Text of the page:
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Ian Curtis and BPD (or another disorder)

Ian CuritsRarely do you find an individual artist who expresses his/her emotions and pain as clearly as did Ian Curits. He was the lead singer and song writer for the band Joy Division. In May of 1980, two days before their first U.S. tour, Curtis hung himself in his kitchen. Joy Division reformed as New Order and had a major impact on dance/rock music. But Joy Division was an amazing band. Curtis’ lyrics read like a suicide note. He had epilepsy and the medication he was taking for it supposedly depressed him. The lyrics on their two albums (Unknown Pleasures and Closer) are fought with pain, shame and depression. Two years ago there was a bio-pic about Curits (“Control”) and a documentary about Joy Division. Again, rarely do you find someone who expresses his pain in such clear terms. Here is a sampling of Curtis’ lyrics:

Isolation

Mother I tried please belief me
I’m doing the best that I can
I’m ashamed of the things I’ve been put through
I’m ashamed of the person I am
Isolation, isolation, isolation

New Dawn Fades

Different colours, different shades
Over each mistakes were made
I took the blame
Directionless so plain to see
A loaded gun won’t set you free
So you say

Passover

Forgive and forget’s what they teach
Or pass through the desserts and wastelands once more
And watch as they drop by the beach
This is the crisis I knew had to come
Destroying the balance I’d kept
Turning around to the next set of lives
Wondering what will come next.

Atmosphere

Your confusion
My illusion
Worn like a mask of self-hate
Confronts and then dies
Don’t walk away

7 comments to Ian Curtis and BPD (or another disorder)

  • james

    Individuals diagnosed with borderline personality disorder (BPD) often have multiple suicide attempts, but are rarely successful. Also, BPD is much somewhat more common in females. Being in the medical field, I cast doubt on the speculative “BPD” diagnosis. I personally feel that there are huge problems in the way that psychiatry classifies and diagnoses mental illnesses. Most of the diagnoses are based solely on subjective findings, and are subject to huge biases. Also it often seems that some diagnoses are similar and often almost interchangeable. Because accurate diagnosis and management can mean the difference between life and death, more science is desperately needed in these areas.

    More likely, he was severely clinically depressed or he was suffering from bipolar affective disorder.

    I do wonder if it had been diagnosed, if it would have made a difference (would he still be alive today)? I believe that this question cannot be answered.

  • Aladinsane

    Not only do borderlines, experience suicidal and parasuicidal difficulties, sadly many are sucsessful. BPD has the same prevalance in both males and females, however it may appear to be more prevalent in females as seventy five percent of all humans beings presenting to services, are female which can only suggest male role model stereotypes are preventing men from accessing help. Not being in the medical field but actually being a having BPD, rarther than making assumptions about others that do, cast doubt on the validity of your speculative “BPD” opinions.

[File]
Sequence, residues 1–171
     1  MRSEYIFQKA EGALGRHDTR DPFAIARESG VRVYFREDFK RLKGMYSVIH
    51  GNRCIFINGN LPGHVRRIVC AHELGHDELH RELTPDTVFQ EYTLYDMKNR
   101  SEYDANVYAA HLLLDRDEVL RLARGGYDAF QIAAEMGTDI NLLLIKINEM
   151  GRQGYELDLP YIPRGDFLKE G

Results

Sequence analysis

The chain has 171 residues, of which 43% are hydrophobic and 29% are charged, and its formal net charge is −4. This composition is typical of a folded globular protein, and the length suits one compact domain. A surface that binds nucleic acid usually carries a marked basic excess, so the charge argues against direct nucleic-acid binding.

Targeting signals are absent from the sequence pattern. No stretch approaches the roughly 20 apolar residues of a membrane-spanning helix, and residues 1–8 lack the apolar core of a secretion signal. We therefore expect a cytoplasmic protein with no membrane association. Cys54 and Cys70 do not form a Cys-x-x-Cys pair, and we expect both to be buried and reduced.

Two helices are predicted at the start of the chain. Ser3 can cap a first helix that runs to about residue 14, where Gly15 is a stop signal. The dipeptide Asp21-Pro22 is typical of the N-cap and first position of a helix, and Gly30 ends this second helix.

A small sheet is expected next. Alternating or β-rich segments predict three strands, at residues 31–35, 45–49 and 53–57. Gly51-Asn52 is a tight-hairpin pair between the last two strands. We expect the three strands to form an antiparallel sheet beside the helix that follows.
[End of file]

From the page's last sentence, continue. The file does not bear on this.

• Danny

    I have recently gained a major understaning as to Bi-polar. Ian Curtis was at the forefront of a new wave in the music scene that essentially ‘spawned’ the ’80’s Manchester scene. He was a genious, yet on the eve of going to America he ‘chose’ to take his life in the meantime. Epilepsy may well have been a contributory factor but I am verement that Ian Curtis suffered with Bipolar disorder. I can even be surer that, once he took his own life, he suffered no more. While I am also sure there are many people that are working hard to break down the stigma and taboo that generally surrounds the issue of mental health, I think that Stephen Fry is an absolute legend as he has set his tasks on breaking down the taboo and inherent misunderstanding that surrounds this terrible affliction. I shall be expressing my thanks to him in the medium-term. Danny

  • […] And of course, there are probably twenty more examples in his various lyrics. The only other musician that I can think of off the top of my head who consistently used the words “shame” and “I’ll take the blame” is Ian Curtis (Joy Division’s lead singer who also committed suicide). […]

  • Brenda Jayne

    I can relate so well to Ian Curtis…I am diagnosed with both bipolar and borderline personality… I have attempted suicide 8 times now over 30 yrs…and I’m still alive…I suffer from depression…and I really can understand how Ian felt to love deep, suffer inside and eventually lose control….RIP Ian….

  • Rachael

    WEATHER OR NOT IAN WAS DIAGANOSED WITH BPD OR BI-POLAR SYNDROME (AS I HAVE BEEN) I HIGHLY DOUBT IT WOULD HAVE MADE A DIFFERENCE AS TO WEATHER OR NOT HE WOULD BE HERE TODAY ….WHEN A PERSON AS SICK-AS SAD AS IT IS-WANTS TO TRULY END THEIR LIFE THEY WILL BE SUCCESSFUL …….THE ONLY THING THAT MAY HAVE BEEN ALTERED IN IAN’S CASE WOULD BE PERHAPS THE TIME ……IN OTHER WORDS IT MAY HAVE TAKEN A FEW MORE ATTEMPS BUT IF HE REALLY WANTED TO END HIS LIFE AND I BELIEVE HE DID HE WOULD HAVE SUCEEDED…… :(

  • Just so sad, people cannot see whats going on inside and make disparaging comments or react with indifference to those suffering form BPD and other mental issues. ADD, which I deal with, is also misdiagnosed often and its effect of those who have it highly minimized. I feel bad for Ian and that his only way out was to take his own life.Such a beautiful mind, such talent. He is at peace now though. :-)

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